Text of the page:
taken without him. Six years later, when the ACHAEAN LEADERS, before sailing, gathered the powerful alliance at Aulis, which is a Boeotian harbor opposite the large island of Euboea, signs appeared that were interpreted by Calchas: a serpent darted from the altar during a sacrifice to Apollo, and coming to a nest in a nearby plane-tree, it devoured the eight sparrows in it along with the mother bird. After the meal, the serpent turned into stone, and so Calchas, counting the number of animals involved, inferred that Troy would be taken at the
end of a period of ten years.
The Mysian intermezzo
Some say these events took place in the second
year after the abduction of Helen by the seducer Paris. They add that the
Achaean fleet, having sailed against Troy, landed by mistake in
Mysia and that, after skirmishing against the
Mysians, they returned home, and only assembled at
Aulis again after an interval of eight years.
Although the Achaean army was chased from Mysia,
the king of this country, Telephus, son of Heracles 1, was
wounded by Achilles. As
the wound would not heal, Telephus asked the
oracle which replied that the wound would be cured
when the one who wounded him should turn physician.
That is why Telephus,
in a beggar's attire, sailed to Argos, where Achilles was staying,
begging to be healed by him and offering to show
the Achaeans the course to steer for Troy, as a reward. And Achilles healed him by
scraping off the rust of his spear. Seeing his
health restored, Telephus did as he had
promised, and they say that the accuracy of his
information was confirmed by Calchas by means of
his own splendid art.
Calchas recommends to sacrifice fair Iphigenia
After this the Achaeans gathered for the second
time at Aulis. However, the fleet could not sail
because of unfavorable wind conditions. In front
of this inconvenience, Calchas conceived a most
extraordinary idea. He declared that the fleet
would not be able to sail unless the fairest among Agamemnon's daughters
were sacrificed to Artemis.
According to Calchas' deep insights, the goddess
was claiming compensation after having heard the
thoughtless words that Agamemnon had uttered
while hunting a deer:
"Artemis herself could not do it
Apollodorus, Epitome 3.21).
It is also said that Artemis wished Agamemnon to
pay for the omission of his father Atreus, who did not
sacrifice to her the golden lamb, as he should have
These are the events that led to the sacrifice
daughter Iphigenia at
Aulis. But others do not charge the goddess with
such absurd demands, and affirm that when the
Achaeans were about to commit this crime based on
their own inventions, Artemis appeared and saved Iphigenia, taking her to Tauris (see also Agamemnon and Orestes 2). In any case, the winds became favorable and the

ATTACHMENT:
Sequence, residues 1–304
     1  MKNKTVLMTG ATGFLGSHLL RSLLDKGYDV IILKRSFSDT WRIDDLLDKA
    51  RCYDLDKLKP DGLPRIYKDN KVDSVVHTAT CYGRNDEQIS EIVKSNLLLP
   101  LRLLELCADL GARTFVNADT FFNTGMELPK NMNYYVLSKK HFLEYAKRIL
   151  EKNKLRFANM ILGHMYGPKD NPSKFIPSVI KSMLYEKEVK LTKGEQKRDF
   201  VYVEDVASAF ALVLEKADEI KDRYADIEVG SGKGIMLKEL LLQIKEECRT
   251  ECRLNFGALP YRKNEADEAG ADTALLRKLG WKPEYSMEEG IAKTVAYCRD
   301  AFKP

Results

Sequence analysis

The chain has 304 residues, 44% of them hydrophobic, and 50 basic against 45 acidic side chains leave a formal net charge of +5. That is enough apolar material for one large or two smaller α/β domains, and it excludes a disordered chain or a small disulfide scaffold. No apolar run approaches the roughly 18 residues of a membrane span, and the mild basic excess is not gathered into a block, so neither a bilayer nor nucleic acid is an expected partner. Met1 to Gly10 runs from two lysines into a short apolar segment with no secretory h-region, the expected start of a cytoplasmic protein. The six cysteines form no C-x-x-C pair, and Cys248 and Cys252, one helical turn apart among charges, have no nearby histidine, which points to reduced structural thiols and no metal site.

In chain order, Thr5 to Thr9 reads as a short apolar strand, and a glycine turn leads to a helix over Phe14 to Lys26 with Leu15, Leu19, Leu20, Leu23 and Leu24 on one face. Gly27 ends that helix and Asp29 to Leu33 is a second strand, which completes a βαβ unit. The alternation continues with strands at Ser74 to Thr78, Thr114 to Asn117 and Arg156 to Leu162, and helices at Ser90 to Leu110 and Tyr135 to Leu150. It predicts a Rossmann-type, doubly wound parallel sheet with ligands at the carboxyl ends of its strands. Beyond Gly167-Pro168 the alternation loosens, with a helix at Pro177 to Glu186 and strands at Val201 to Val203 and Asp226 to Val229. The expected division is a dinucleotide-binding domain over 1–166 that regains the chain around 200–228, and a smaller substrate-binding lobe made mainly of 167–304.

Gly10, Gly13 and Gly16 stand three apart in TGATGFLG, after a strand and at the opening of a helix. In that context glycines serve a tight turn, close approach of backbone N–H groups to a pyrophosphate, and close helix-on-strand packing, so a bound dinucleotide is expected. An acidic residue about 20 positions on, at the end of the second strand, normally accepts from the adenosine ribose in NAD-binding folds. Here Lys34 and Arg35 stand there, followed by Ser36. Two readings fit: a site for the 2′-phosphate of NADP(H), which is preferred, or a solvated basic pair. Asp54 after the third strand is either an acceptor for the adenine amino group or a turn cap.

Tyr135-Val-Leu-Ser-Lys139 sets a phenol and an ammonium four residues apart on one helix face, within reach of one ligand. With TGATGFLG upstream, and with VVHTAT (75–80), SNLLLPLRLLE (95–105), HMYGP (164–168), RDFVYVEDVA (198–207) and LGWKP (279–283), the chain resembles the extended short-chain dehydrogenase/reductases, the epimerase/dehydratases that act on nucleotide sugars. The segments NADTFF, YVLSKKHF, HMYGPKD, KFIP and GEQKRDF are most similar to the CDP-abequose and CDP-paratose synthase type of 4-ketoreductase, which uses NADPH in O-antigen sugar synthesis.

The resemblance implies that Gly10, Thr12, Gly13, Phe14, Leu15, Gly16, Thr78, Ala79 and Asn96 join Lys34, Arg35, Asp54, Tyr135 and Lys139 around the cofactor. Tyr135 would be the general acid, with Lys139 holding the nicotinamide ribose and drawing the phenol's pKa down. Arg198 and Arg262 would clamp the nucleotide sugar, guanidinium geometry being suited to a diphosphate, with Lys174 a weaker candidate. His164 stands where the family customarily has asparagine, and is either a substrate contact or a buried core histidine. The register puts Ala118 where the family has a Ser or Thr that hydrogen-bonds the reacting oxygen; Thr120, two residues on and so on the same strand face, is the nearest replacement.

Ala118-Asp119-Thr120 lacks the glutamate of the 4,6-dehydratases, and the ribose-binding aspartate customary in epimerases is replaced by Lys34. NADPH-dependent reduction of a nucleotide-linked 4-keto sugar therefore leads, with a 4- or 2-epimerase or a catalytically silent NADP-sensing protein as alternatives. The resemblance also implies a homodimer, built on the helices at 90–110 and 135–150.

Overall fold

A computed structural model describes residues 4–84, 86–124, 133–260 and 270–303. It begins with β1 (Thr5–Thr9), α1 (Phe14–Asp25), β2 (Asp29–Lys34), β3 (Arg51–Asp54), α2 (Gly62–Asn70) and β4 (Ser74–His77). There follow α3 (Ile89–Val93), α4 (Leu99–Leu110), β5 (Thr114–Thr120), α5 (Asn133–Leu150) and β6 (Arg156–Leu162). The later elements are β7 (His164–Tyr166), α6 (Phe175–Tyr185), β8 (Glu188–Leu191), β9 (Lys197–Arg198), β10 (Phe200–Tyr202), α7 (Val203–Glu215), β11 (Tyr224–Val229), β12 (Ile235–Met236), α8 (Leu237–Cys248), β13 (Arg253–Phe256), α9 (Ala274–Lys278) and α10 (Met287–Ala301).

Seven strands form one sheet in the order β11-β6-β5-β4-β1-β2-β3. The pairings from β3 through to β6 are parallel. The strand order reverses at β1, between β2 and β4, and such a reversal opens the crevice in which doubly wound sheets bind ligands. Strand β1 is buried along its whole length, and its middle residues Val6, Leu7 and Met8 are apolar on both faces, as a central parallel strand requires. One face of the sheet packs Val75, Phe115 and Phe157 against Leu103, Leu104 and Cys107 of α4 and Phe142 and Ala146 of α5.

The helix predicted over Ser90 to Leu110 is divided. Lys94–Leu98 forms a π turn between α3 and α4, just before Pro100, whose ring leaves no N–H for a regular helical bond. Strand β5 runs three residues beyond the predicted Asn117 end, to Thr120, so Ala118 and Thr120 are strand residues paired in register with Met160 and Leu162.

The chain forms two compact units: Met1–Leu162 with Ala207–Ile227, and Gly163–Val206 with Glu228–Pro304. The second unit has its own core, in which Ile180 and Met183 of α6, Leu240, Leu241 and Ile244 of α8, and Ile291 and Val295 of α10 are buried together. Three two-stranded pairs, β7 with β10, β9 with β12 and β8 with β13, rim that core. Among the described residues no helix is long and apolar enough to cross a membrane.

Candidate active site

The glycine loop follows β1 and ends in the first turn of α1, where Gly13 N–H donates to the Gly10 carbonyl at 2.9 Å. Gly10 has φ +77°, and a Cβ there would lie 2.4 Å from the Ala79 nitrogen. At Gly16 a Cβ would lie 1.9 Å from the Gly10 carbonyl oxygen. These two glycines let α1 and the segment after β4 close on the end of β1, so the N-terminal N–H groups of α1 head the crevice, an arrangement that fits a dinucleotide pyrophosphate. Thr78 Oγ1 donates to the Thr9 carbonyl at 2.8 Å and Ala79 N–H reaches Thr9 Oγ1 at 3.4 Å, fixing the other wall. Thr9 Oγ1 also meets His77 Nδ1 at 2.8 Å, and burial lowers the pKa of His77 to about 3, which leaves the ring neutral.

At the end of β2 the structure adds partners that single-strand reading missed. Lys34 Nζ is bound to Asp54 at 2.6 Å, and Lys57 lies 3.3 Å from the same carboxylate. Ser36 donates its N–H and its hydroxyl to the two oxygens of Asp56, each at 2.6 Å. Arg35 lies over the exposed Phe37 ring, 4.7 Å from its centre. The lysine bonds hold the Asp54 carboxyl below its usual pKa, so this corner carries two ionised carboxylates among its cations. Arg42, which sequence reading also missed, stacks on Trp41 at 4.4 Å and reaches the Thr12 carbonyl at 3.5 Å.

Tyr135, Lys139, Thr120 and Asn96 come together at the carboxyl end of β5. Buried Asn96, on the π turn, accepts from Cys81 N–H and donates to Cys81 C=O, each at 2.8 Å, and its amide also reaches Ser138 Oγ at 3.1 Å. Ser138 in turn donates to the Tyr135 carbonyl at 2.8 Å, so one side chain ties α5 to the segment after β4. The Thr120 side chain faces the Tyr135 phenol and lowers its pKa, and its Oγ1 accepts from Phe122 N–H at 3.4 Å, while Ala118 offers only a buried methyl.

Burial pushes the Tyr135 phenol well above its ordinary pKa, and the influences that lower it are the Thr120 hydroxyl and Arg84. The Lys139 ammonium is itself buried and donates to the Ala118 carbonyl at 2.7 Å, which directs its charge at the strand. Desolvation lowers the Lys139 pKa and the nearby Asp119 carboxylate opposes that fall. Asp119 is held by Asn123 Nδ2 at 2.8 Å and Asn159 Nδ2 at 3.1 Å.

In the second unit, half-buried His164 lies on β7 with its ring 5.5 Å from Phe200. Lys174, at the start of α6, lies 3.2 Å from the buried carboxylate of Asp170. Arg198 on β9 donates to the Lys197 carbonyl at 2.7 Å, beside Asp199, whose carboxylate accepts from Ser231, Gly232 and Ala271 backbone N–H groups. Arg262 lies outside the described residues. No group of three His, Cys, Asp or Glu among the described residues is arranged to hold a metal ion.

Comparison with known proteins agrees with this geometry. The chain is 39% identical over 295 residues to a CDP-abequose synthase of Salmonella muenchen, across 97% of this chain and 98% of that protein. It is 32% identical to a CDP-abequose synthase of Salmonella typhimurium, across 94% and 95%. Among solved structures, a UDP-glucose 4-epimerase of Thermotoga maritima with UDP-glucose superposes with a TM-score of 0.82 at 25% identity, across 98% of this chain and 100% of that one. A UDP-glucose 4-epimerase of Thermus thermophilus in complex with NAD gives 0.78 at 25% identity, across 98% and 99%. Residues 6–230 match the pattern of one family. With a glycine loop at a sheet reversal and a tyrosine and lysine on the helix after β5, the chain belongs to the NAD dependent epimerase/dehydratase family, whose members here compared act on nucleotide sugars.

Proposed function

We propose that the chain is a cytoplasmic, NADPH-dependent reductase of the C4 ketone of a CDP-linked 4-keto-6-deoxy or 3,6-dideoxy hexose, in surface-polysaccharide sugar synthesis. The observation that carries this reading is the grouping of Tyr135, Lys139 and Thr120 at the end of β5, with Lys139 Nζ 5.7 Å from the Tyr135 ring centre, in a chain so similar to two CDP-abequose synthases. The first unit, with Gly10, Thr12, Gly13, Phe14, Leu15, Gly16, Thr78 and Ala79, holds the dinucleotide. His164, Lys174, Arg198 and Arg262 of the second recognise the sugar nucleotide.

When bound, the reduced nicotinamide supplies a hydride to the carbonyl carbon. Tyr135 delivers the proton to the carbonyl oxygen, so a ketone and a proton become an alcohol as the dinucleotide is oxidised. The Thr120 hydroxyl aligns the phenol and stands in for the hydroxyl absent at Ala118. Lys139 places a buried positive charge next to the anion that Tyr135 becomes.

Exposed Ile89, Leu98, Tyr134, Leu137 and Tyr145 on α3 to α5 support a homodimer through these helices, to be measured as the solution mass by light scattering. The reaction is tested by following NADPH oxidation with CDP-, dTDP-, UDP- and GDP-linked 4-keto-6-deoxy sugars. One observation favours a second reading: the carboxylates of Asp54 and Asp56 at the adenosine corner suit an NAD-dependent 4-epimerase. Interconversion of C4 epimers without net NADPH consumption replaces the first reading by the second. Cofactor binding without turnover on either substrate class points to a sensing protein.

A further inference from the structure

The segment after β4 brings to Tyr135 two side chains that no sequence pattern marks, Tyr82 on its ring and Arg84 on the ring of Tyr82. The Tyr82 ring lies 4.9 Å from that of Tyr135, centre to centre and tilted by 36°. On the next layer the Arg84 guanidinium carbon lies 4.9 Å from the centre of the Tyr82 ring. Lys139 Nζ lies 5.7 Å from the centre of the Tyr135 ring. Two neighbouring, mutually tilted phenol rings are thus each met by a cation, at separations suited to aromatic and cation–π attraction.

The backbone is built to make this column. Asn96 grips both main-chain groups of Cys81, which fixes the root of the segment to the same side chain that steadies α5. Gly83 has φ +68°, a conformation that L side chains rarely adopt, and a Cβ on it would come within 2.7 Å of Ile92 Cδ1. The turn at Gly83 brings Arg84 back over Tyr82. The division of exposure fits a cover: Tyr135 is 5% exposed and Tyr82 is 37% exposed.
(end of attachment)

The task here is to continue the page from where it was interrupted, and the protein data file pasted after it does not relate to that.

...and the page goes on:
Achaeans, being able to sail through the Egean,
landed in Asia Minor and started the war known as
the Trojan War.
Apollo punishes Agamemnon's arrogance
In the tenth year of the war, Apollo, coming down from
heaven darker than night although he is called the
bright one, decimated the Achaean army through
pestilence. This he did in order to punish the
arrogance of Agamemnon, who had dismissed one of his priests with insults, refusing to give him back his daughter which he, the king, held captive. Nobody knew the origin of this pestilence except
Calchas, but being the king himself responsible for
the calamity, the seer was afraid of talking in the
council, and with truthful words accuse Agamemnon. But when Achilles promised him
protection, saying that no one, not even the king,
would be ever allowed to lay hands on him, Calchas
declared that Agamemnon was to
blame, for he had dishonoured Apollo's priest, and did
not release his daughter nor accept the ransom that
the priest had offered. Consequently, he also
recommended to give the girl back to his father.
Reward for accuracy
And this is how Agamemnon marked
evil, never yet have you spoken to me a pleasant
thing; ever is evil dear to your heart to prophesy,
but a word of good you have never yet spoken, nor
brought to pass." (Agamemnon to Calchas,
Homer, Iliad 1.105).
New prophecies of Calchas
When the war had lasted ten years and Ajax 1 and Achilles and many
others had perished, the Achaeans consulted again
their seer Calchas, and now he said that Troy could not be taken
unless they had the bow and arrows of Heracles 1 fighting on
their side. As these were held by Philoctetes, who had
been abandoned by the army in Lemnos, an embassy was
sent to fetch both the weapons and the archer.
Paris' death ends in Helenus 1 leaving the
Philoctetes arrived to Troy and, among
others, he killed Paris.
But still it was not possible to take the city and
put an end to the war. When Paris was dead, there was a dispute among his brothers Deiphobus 1 and the seer Helenus 1, as to
which of them should marry beautiful Helen. And when Deiphobus 1 imposed himself, Helenus 1 left the city and retired to Mount Ida.
Helenus 1 captured
At this point Calchas declared that his
colleague Helenus 1 was
in possession of the oracles that protected the
city of Troy. When this was
known, Odysseus (for
seers talk and others do) laid and ambush and
captured the Trojan seer, who was forced by his
enemies to tell how the city could be taken, as no
art of divination could reveal what was inside him.
again and dies
The Achaeans then, using brutality against Helenus 1 during
interrogation, came to know, about the importance
of Neoptolemus, the
bone of Pelops 1, and